2023 was a year of transition for the corporate practice of diversity, equity and inclusion.
Three years removed from the murder of George Floyd and ensuing protests that catapulted this set of priorities and protocols into the mainstream, urgency has begun to fade for some organizations. Layoffs of both DE&I professionals and diverse hires who suffered from a “last in, first out” mentality reversed some of the progress of recent years. Additionally, the Supreme Court case that ended affirmative action at universities has had a ripple effect, with a group of Republican attorneys general warning companies that take race into account during the hiring process may be subject to legal action.
But all is not gloom and doom for DE&I. Dorian Langlais, co-founder, managing partner and head of DEI Practice at Rally Point Public Relations, works with Fortune 100 companies to improve their outreach and communications with Black, Asian and Hispanic communities. And he found plenty of reasons to be optimistic about 2024, despite the challenges.
“Some (companies) will probably shrink back. It just is what it is, but there are definitely a number that are starting to say, we’re not gonna do that,” he told PR Daily. “We’re gonna push full steam ahead. That’s encouraging.”
Here are some of the biggest trends Langlais foresees for 2024 in the DE&I space.
Collaboration is key
There is a growing trend of creating content that brings different worlds together — pieces that speak to inclusion and bringing diverse audiences together. This doesn’t mean being preachy, however — it’s just a different way of looking at inclusion.
Langlais points to a collab between Nike and Louis Vuitton, bringing sneakers and high fashion together. There was also a staged beef between rapper Travis Scott and tennis great John McEnroe over what to name a sneaker.
“Collaborations from different worlds bring people together,” Langlais said. “And I think that’s definitely what’s needed. It’s not people being in their silos. The PR industry has a really great opportunity to play a big part in that. When we put them out together, there’s a story to tell.”
Agencies must diversify
As a co-founder of an agency, Langlais has made hiring diverse talent an intentional part of his strategy. Not just because it’s the right thing to do, but because it’s also good business. He predicts more agencies that want to make intentional progress in the DE&I space will need to step up hiring to be truly representative of the communities clients want to reach.
Data shows that the PR industry as a whole continues to lag in diversity compared to the U.S. as a whole, and that agencies are even farther behind.
“PR agencies, particularly, are going to have a lot of work to do in this space next year. And if they’re not really well equipped in position now, they’re going to have a really tough time next year, because things are going to move very fast and furious very quickly,” Langlais said.
DE&I work must be done with intention and must be built over time, Langlais said. And that starts with hiring diverse teams who truly understand and empathize with the needs of their community.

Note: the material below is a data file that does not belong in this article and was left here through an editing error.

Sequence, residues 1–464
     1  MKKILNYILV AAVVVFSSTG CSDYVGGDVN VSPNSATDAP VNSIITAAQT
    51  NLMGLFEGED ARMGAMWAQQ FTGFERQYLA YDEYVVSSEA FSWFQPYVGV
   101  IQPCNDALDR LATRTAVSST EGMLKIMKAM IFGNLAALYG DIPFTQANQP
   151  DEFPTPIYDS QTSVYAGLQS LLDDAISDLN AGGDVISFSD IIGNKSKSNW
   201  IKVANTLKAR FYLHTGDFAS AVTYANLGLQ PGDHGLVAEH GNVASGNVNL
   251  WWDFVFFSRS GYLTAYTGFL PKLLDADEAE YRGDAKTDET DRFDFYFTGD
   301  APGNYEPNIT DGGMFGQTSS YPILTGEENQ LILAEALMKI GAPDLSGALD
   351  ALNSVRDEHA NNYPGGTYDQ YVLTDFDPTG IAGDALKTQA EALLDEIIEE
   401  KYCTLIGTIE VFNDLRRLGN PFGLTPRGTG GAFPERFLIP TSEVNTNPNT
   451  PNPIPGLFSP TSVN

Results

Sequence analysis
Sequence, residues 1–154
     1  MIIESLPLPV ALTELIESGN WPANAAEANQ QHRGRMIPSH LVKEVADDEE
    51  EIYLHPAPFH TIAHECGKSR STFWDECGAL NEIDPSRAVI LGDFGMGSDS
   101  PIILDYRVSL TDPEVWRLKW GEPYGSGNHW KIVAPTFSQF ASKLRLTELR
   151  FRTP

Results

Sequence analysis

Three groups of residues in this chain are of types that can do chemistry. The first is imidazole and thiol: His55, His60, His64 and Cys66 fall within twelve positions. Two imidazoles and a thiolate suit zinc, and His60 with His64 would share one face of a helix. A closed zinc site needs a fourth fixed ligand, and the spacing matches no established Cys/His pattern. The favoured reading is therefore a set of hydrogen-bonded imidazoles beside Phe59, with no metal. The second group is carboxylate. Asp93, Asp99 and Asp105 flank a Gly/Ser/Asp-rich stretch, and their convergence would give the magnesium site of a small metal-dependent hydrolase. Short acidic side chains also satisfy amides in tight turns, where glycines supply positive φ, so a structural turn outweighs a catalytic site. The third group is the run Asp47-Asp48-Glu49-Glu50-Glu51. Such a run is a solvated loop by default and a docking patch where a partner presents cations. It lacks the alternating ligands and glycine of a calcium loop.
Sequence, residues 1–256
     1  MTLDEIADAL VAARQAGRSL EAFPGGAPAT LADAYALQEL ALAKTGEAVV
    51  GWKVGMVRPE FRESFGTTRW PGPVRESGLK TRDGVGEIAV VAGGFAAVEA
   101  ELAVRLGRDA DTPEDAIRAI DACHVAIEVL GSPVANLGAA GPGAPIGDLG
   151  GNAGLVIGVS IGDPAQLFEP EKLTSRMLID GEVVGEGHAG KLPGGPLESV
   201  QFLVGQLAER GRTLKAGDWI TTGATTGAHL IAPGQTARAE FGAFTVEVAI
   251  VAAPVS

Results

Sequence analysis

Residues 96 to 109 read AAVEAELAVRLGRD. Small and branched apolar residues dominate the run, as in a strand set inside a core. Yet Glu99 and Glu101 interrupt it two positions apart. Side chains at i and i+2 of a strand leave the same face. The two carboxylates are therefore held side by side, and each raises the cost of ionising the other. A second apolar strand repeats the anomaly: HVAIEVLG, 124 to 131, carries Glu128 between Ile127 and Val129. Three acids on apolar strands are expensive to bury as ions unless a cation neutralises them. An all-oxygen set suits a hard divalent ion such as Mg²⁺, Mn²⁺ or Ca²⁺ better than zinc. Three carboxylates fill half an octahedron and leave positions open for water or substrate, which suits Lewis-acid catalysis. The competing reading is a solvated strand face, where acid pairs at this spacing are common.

Black and brown people, LGBTQ+ people and others who fall under the vast DE&I umbrella find their existence politicized in the U.S. And that is especially true as we move into an election year where rhetoric around multiculturalism, race relations and gender identity is already white-hot.
Langlais notes that while there are people on both ends of the political spectrum who deal in extremes and can’t really be persuaded, there are many in the middle who can be. They’ve weathered the societal challenges of the last few years and don’t want to go back to how we were in early 2020.
“The election reminds folks who maybe took their eye off the ball — corporations and companies and individuals and companies like ours — that, hey, listen, the fight’s not over. The fight is not over. And we need to continue to press on and do what’s right and do what needs to be done to support people,” Langlais said.
As the political conversation heats up, Langlais expects corporations to once again retrench their pro-DE&I stances. After all, diversity is growing in the United States. It’s just good business.
Regarding the Supreme Court decision, Langlais said that big corporations will find ways around the prohibition with linguistic tweaks and deep pockets, though smaller organizations may be frightened off.
Still, Langlais expects 2024 to reinvigorate this movement.
“It really takes the muscles and fortitude for companies, for agencies like ours, to really keep pushing, especially when there are some out there who are like, ‘Yeah, we don’t really know if we want to keep going in this direction, or we decided to go elsewhere.’ For us to keep that pedal to the metal, to keep moving.”
For inspiration on how to keep moving forward, join us for our Diversity, Equity and Inclusion for Communications Certification course, starting Jan. 17.